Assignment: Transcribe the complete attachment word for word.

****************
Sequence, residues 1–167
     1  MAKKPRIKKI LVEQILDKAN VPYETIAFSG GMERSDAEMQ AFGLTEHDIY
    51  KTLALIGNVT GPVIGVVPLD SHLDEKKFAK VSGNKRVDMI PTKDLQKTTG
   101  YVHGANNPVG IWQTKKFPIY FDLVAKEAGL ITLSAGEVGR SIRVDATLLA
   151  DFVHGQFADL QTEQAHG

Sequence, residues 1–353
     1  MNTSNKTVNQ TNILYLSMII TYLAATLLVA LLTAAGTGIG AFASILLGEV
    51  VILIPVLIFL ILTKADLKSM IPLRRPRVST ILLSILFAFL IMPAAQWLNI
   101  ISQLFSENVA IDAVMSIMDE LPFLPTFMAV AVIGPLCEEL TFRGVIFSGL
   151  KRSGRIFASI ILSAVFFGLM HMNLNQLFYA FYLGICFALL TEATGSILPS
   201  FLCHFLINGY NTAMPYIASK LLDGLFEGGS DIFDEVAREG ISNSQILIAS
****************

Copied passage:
Sequence, residues 1–167
     1  MAKKPRIKKI LVEQILDKAN VPYETIAFSG GMERSDAEMQ AFGLTEHDIY
    51  KTLALIGNVT GPVIGVVPLD SHLDEKKFAK VSGNKRVDMI PTKDLQKTTG
   101  YVHGANNPVG IWQTKKFPIY FDLVAKEAGL ITLSAGEVGR SIRVDATLLA
   151  DFVHGQFADL QTEQAHG

Sequence, residues 1–353
     1  MNTSNKTVNQ TNILYLSMII TYLAATLLVA LLTAAGTGIG AFASILLGEV
    51  VILIPVLIFL ILTKADLKSM IPLRRPRVST ILLSILFAFL IMPAAQWLNI
   101  ISQLFSENVA IDAVMSIMDE LPFLPTFMAV AVIGPLCEEL TFRGVIFSGL
   151  KRSGRIFASI ILSAVFFGLM HMNLNQLFYA FYLGICFALL TEATGSILPS
   201  FLCHFLINGY NTAMPYIASK LLDGLFEGGS DIFDEVAREG ISNSQILIAS